Abortion: Learning from the Numbers image

Abortion: Learning from the Numbers

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I’m not a numbers guy. Numbers don’t usually excite me, and they don’t usually upset me. But there is one set of numbers which always moves me and often leaving me at my desk in tears. They are numbers which speak of lives lost when they have barely had a chance to begin and of traumatic experiences which will likely mar the lives of those left behind for many years.

This week, the UK Department of Health and Social Care published their annual report of abortion statistics for England and Wales, sharing the figures for the last calendar year. In some ways, numbers are the worst way to engage in a conversation like this. When we discuss abortion, we’re not talking about numbers, we’re talking about lives, lives inside the womb and out, some lives just beginning, some which feel they’re falling apart, lives of babies, lives of women, and lives of men. But while the conversation is about more than numbers, the numbers are revealing and might help us to ask some of the right questions.

The Overall Numbers and the Question ‘Why?’

In 2019, there were 209,519 abortions carried out in England and Wales. A small number of these were for non-residents of the two countries (2,135), but the number for residents means that 18 out of every 1000 women aged 15-44 had an abortion last year.

The abortion rate in England and Wales began to drop in the late-2000s but has been rising over the last few years (16.7 in 2017, 17.4 in 2018, and now 18.0 in 2019). The 2019 rate is the highest seen in England and Wales since the passing of the Abortion Act in 1967, and the total number of abortions is also the highest for any single year since 1967.

This is the first point at which we should pause. We should pause and ask ‘Why?’ I don’t have immediate answers to this question. There are many plausible suggestions, and I’m not sure it is an easy question for which to give a conclusive answer. But it is a question we should ask.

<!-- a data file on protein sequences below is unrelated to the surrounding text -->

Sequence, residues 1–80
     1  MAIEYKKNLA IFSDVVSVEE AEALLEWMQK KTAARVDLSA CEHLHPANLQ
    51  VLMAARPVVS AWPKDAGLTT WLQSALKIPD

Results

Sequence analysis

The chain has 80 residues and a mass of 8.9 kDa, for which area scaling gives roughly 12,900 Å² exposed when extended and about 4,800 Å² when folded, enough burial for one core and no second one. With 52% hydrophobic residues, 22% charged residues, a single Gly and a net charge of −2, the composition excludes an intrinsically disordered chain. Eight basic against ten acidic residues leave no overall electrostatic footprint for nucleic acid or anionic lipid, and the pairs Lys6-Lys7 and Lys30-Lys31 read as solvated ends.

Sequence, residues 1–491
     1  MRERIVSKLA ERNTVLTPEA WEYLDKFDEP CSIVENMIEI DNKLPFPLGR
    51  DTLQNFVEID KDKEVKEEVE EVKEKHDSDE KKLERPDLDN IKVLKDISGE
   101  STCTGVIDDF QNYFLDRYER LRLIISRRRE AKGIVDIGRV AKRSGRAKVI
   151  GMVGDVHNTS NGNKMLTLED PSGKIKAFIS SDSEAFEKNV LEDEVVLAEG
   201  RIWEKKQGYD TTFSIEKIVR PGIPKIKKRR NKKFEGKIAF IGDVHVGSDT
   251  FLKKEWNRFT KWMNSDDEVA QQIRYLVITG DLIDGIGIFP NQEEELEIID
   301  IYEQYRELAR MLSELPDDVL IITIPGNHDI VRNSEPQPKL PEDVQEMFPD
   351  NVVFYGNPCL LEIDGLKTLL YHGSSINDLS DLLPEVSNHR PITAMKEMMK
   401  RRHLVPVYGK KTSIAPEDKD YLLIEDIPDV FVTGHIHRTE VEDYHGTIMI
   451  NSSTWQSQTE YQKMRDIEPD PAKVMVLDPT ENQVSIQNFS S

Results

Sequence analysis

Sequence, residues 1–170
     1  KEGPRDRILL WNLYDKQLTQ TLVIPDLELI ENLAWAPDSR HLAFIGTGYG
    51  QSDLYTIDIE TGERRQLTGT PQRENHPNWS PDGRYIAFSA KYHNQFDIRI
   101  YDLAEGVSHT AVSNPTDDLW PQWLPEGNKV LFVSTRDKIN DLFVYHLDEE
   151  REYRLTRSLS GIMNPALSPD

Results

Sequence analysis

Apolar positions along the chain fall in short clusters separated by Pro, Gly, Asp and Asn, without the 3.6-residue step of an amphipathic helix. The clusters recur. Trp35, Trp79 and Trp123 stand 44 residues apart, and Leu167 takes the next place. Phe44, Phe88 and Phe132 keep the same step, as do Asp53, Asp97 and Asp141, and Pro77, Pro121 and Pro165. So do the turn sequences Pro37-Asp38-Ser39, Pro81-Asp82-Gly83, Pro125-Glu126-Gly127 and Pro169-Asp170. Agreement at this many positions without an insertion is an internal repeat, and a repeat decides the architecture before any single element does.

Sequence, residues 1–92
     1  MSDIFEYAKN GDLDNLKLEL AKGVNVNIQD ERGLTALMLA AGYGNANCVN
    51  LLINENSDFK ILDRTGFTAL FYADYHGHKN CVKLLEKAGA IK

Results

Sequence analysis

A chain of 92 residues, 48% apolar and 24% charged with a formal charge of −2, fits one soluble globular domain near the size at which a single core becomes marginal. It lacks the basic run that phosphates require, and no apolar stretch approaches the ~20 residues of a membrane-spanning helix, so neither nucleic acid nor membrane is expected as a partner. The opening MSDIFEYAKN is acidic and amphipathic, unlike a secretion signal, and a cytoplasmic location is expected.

Even those who see nothing wrong in the act of abortion should agree that this is an important question to ask. While there is great controversy over research into the mental health impacts of abortion, there is agreement that, in some cases at least, abortion has a negative impact on mental health. This means that even those who don’t see the need for concern for the fetuses should ask this question out of concern for the mothers.

Abortions for Mental Health

The vast majority of abortions in England and Wales are carried out before 24 weeks and justified by the conclusion that continuing the pregnancy would pose a greater risk to the woman’s physical or mental health than a termination. In 2019, 98% of abortions fell into this category. In almost all of these (99.9%), the risk was officially classified as ‘mental disorder, not otherwise specified’ (F99 in the ICD-10’s classifications).

The lack of specificity here is worrying–potentially the classification could be used to cover a very broad range of situations–but the general fact that this is almost always the reason for an abortion, is something we should pay attention to. The abortions taking place around us are almost never because of an imminent threat to the woman’s life and are rarely, although, as we’ll see, occasionally, because of concerns over the health of the baby.